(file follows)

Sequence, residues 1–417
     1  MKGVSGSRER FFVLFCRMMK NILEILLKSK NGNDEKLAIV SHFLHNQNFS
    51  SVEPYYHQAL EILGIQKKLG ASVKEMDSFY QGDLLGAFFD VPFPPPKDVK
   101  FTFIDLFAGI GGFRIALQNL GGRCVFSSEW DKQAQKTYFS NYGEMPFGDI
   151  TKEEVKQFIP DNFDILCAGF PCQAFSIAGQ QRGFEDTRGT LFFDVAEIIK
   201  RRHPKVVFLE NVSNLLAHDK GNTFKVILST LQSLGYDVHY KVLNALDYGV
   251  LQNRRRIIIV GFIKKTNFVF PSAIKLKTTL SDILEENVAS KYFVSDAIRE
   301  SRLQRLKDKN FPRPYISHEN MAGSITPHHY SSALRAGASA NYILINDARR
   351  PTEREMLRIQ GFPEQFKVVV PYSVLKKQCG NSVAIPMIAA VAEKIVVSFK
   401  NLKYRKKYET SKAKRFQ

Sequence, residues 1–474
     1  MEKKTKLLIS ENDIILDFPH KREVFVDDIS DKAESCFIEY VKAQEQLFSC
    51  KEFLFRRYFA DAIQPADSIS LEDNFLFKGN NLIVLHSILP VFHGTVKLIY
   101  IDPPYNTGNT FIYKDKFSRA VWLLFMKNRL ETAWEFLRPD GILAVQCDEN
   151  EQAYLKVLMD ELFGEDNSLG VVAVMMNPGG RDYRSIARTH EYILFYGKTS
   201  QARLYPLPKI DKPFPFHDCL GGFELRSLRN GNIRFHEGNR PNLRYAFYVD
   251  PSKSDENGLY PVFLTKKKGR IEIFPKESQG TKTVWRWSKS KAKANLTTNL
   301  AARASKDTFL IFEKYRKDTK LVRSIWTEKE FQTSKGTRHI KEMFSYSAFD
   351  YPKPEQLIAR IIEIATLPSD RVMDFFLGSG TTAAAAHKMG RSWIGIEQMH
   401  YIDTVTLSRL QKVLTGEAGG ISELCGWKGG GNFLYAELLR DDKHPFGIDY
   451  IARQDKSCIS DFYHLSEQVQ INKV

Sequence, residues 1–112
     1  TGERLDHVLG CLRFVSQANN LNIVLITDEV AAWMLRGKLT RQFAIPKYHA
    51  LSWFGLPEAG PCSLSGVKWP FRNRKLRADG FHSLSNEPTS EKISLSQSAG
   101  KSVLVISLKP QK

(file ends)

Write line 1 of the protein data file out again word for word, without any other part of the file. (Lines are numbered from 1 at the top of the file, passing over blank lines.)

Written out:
Sequence, residues 1–417